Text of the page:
Video, Audio and other Multimedia

Rooftop rainwater harvesting at Chhattisgarh school reduces absenteeism
The film “Rainwater Harvesting: From books to fields”, showcases how rooftop rainwater harvesting can also bring about social and economic change. makarandpurohit posted 5 years 10 months ago

Chhattisgarh ranked number 1 in the country for providing domestic water connections in 2014-15 under the National Rural Drinking Water Programme (NRDWP).

Rainwater harvesting tank at Madiya Kachar village school
UNESCO Workshop on 'Ensuring Water Security in Changing Environment Scenario for Water Professionals of Cluster Countries'
A 2-day regional capacity development workshop Water Professionals of South Asian Countries’ sponsored by UNESCO is being organized jointly by IIT Bombay. nagabhushanb posted 5 years 10 months ago

A regional capacity development workshop on ‘Ensuring Water Security in Changing Environment Scenario for Water Professionals of South Asian Countries’ sponsored by UNESCO is being organized jointly by IIT Bombay, NIH Bho

Can the ‘Pad Piper’ lure away social taboos related to menstruation?
He wore pads, he figured out how to make them, and he's given rise to social enterprises around making biodegradable pads. Meet the 'Pad Piper' in this film by the same name. Manu Moudgil posted 5 years 10 months ago

A friend, who often tips me off on stories, sent me a message asking why I don't write about menstrual hygiene among rural women. I told her that it’s difficult for a male journalist to write about women issues in India. 

A Muruganantham shows the working of a sanitary pad to women. (Source: The Pad Piper)
Tuning Fork Film Workshop in Himachal Pradesh
‘Tuning Fork Films’ are a collective of socially oriented filmmakers, who are keen to use film as a medium for self-reflection and social change. Swati Bansal posted 5 years 11 months ago

Please download the registration form from below.

Backs to the Wall: Photography Competition and Fellowship
A CSE fellowship and contest for photographers and photo-journalists- Backs to the Wall (Climate Change and Vulnerable Communities) Swati Bansal posted 6 years ago

The sacred springs of Sikkim
Devithans are shrouded in rituals and myths but serve as an important institution to preserve springs. While religious sentiments sometimes get in the way, development around them continues. Usha Dewani posted 6 years 2 months ago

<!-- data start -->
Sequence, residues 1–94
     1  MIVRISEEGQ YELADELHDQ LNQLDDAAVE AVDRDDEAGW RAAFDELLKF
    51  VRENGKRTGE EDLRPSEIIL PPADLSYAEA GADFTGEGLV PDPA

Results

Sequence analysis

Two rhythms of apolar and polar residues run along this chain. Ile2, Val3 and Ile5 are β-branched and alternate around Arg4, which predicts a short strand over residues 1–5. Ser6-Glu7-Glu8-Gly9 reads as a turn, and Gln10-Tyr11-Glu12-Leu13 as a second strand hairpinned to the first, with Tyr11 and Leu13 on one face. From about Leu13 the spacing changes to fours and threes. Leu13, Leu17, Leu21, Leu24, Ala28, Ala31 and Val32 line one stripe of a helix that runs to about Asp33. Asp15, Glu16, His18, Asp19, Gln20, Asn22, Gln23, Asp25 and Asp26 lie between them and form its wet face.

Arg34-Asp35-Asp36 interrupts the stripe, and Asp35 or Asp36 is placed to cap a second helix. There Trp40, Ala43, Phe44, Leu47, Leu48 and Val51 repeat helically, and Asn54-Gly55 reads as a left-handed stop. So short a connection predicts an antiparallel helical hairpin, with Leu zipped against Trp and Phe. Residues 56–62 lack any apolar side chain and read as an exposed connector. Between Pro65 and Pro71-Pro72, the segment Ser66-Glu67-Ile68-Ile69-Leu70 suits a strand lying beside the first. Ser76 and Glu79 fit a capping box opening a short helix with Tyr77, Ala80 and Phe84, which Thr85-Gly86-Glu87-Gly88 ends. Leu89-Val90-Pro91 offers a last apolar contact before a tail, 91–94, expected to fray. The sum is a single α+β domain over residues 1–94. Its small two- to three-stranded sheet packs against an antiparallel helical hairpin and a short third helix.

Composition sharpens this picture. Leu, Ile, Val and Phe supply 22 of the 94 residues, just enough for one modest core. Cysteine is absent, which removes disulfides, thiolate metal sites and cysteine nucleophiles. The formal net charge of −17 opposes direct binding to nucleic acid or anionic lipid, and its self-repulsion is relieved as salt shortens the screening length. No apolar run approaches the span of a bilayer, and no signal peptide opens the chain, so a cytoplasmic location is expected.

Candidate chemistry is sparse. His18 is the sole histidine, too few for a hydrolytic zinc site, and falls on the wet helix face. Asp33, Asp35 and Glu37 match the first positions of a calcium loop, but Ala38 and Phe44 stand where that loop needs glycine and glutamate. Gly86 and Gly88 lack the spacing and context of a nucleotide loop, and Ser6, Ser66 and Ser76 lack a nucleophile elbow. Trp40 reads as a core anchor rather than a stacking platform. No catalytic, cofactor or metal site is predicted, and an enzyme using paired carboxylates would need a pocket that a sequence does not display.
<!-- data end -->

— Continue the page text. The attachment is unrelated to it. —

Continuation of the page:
"Faith is taking the first step even when you don’t see the whole staircase". - Martin Luther King, Jr.

Devithan at Kolbung village, Namthang
Sikkim conserves its Tsomgo lake
Residents who live near the lake, representatives from the Taxi Drivers’ & Shopkeepers' Association, Tourism Department, and the Police Department have worked together towards a common goal. Usha Dewani posted 6 years 2 months ago

There are about 227 lakes and wetlands in Sikkim, many of which are revered by the people as holy.

Tourists at Tsomgo Lake, Sikkim
Why use a refrigerator to store water when you can use a clay pot?
Decreasing demand in India for earthen pots to store drinking water has affected thousands of potters' livelihoods. The film 'Vanishing Potters' provides a closer look. makarandpurohit posted 6 years 2 months ago

What's not to like about clay pots? "They cool water naturally due to the tiny air pores present in them, are affordable, save energy and are eco-friendly when compared to refrigerators", says Gautam Bandhopadhaya, a water expert in Chhattisgarh.

A potter making a clay pot in Jevra Sirsa village in Durg district
Stained teeth, weak bones and untimely death -- all caused by contaminated water
Tale of Tapatjuri' is the story of a nondescript village in Nagaon district of Assam gripped by fluorosis -- to a degree that could scare many. Usha Dewani posted 6 years 2 months ago

"When I wake up in the morning, I feel like a normal person, but when I get up, I realize that I cannot walk properly. I feel like running but I cannot", laments Md. Manik Uddin. This isn't unique to just Manik. Many others of Tapatjuri village in Nagaon, Assam feel the same.

Children at Tapatjuri affected by skeletal fluorosis
First Sikkim, now Meghalaya springs hope!
6000 villages in Meghalaya depend on springs and spring-fed rivers for household water needs. Their drying up threatens water security and future growth. Now, there is some hope. Usha Dewani posted 6 years 3 months ago

Meghalaya boasts one of the rainiest places on the planet at Cherrapunjee, receiving over 11,000 mm of annual rainfall. Yet, despite all the rain, water availability remains a problem for many rural and urban communities across the State. Natural springs that have provided drinking water for generations are in crisis.

Green but water-scarce